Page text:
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Discretionary spending and financial illusions

Happy (late) Independence Day to our fellow American readers. I celebrated mine quietly by visiting my parents for a small barbecue (plus angelfood cake and home-grown strawberries). Once it got dark, we walked along the street to watch fireworks.

My parents live in a well-to-do neighborhood on the side of a hill. As a result, we were able to see dozens of fireworks at a time, both from neighbors down the street and from the residential areas in the valley below. It was beautiful. “Think how many thousands of dollars are going up in smoke and pretty lights,” my husband said.

This annoyed me quite a bit, because instantly I did, and the fireworks became so much wasted money, the red and green bursts ephemeral delights that could have been money in a savings account, dinners out, college textbooks. Independence Day became an orgy of frivolous spending on only a few seconds’ worth of pleasure, a symbolic representation of a nation dedicated to overspending on unnecessary luxuries.

But as I continued to watch, I began to enjoy myself again. I love fireworks, and the kids down the street were clearly having the time of their lives watching them. And the view from the hill became a celebration, a few hours out of the year when we put some of our hard-earned money into lighting up the night in joy. I thought of how I would like my future children to see a sight like this. Suddenly the expenditure (admittedly not mine) was useful and noble rather than wasteful.

You may have seen the dancing girl illusion on the Internet, in which a figure dances either clockwise or counterclockwise depending on how you look at it. (The “left brain versus right brain” bit attached to it means nothing.) This is exactly what my brain was doing while watching the fireworks: switching out one interpretation for another, without specific stimulus for switching. As in the dancing girl illusion, neither interpretation had any more basis in reality than the other; no one can measure what it’s worth to celebrate one’s pride in one’s country, or to be part of a tradition that millions of people are participating in at the same time, even though unseen.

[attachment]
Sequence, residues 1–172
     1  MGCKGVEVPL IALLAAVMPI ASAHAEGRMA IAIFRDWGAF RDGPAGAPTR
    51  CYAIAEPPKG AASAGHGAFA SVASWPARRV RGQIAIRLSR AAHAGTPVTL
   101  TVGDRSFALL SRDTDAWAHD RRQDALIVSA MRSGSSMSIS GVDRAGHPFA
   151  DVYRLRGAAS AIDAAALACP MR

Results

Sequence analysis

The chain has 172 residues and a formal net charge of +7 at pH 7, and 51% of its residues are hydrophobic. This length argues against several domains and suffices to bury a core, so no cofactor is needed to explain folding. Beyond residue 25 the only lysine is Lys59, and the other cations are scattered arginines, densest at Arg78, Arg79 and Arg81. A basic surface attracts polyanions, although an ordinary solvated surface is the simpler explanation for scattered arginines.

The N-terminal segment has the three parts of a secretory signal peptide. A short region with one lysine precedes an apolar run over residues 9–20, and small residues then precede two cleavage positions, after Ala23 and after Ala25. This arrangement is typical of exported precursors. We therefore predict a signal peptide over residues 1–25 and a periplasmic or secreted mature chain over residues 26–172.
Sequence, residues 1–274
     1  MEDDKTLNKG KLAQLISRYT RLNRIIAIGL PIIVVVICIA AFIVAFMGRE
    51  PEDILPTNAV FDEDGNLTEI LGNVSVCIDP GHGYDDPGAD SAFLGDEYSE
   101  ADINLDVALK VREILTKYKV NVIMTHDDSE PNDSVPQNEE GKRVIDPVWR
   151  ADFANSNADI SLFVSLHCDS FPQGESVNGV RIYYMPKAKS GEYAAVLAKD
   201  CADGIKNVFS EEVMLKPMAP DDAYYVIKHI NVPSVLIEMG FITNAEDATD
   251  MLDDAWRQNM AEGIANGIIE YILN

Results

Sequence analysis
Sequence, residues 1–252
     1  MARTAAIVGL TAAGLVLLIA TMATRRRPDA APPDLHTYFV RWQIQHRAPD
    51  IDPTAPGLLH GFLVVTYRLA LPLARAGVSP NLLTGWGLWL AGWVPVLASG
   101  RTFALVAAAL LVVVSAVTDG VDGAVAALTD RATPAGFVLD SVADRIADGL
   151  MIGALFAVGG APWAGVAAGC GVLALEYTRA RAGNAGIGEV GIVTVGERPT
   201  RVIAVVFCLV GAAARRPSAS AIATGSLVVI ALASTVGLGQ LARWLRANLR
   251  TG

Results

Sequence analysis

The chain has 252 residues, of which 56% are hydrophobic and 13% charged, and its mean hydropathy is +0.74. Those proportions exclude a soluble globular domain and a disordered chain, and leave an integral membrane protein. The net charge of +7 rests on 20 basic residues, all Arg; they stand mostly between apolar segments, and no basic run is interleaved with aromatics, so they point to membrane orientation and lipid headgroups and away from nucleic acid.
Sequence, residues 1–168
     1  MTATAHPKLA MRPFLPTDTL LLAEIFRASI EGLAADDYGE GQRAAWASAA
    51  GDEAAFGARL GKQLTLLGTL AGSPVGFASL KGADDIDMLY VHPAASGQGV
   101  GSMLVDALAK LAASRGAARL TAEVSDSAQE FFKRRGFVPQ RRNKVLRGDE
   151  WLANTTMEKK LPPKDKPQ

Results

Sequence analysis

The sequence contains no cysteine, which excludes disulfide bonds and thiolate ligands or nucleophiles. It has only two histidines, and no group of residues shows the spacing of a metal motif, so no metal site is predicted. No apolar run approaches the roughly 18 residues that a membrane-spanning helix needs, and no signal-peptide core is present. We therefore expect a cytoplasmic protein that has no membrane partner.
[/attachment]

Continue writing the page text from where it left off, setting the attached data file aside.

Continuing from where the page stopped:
Unlike the dancing girl illusion, the interpretation I choose to accept will affect whether or not I buy fireworks next year, whether I’m willing to spend money on Christmas decorations, whether I tell my children about Easter baskets or take them to our family’s graves on Memorial Day. Discretionary spending is just that, discretionary; I can choose to spend it on things that are important to me, or I can save it for things I feel are more worthy. Are fireworks on Independence Day worth the money, money that you might otherwise put away to earn interest or use to buy fancy food or new clothes? Only you can say.

5 Ways our Brain Works to Wreck our Finances

1. Redefining Needs

Perhaps it’s marketing or perhaps it is our culture, but we’ve gone from wanting certain possessions to NEEDING them. Whether it’s a top model car or a specialty coffee, we confuse the difference between wants and needs. We only really NEED food, shelter, companionship, and a job to pay for the food and shelter. That’s it.

2. Psychological Addictions

Not all addictions are physiological. Some are much more complex. Smoke breaks are both times to smoke and a break. Often it’s the “break” aspect that helps people relax. The same applies with coffee breaks, impulse shopping, or gambling. These things make us feel better in our brain, and as a result, we become addicted to that feeling.

3. Unrealistic Understanding of Risk

Whether it is through denial or simply overconfidence, people often invest money they can’t afford to lose in investments that are at a higher risk Or, we assume because an investment has performed will in the past, it would

4. Procrastination Rationalization

Our brains are often magnificent at rationalizing actions or lack of them. This can keep us from acting at times that would most benefit us. We avoid making changes in the present that can benefit us in the future, and we always have “good” reasons.

5. Inability to Admit Mistakes

Because we often attach our own self worth to the effectiveness of our decisions, mistakes are viewed as diminishments of ourselves. Because of this and many other reasons, we tend to avoid admitting when we’ve made a mistake, which prolongs the time until we work to resolve it.